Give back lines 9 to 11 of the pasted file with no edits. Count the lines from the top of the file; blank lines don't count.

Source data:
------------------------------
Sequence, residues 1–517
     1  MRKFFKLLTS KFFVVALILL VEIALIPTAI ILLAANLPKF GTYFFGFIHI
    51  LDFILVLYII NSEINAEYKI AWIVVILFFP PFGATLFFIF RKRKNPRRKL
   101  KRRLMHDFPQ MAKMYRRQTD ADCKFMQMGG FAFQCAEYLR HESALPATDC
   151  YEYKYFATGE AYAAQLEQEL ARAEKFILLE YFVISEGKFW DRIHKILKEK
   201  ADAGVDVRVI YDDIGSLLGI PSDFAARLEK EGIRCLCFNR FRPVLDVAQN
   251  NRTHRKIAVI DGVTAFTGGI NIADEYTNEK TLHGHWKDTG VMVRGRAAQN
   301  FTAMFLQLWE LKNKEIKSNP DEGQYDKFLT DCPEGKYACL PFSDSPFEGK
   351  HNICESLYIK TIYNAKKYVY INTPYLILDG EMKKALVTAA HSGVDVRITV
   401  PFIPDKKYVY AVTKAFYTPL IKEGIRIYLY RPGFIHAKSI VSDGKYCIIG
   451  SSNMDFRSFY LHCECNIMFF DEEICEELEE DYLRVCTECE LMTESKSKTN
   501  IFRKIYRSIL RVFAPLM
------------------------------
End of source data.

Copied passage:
   351  HNICESLYIK TIYNAKKYVY INTPYLILDG EMKKALVTAA HSGVDVRITV
   401  PFIPDKKYVY AVTKAFYTPL IKEGIRIYLY RPGFIHAKSI VSDGKYCIIG
   451  SSNMDFRSFY LHCECNIMFF DEEICEELEE DYLRVCTECE LMTESKSKTN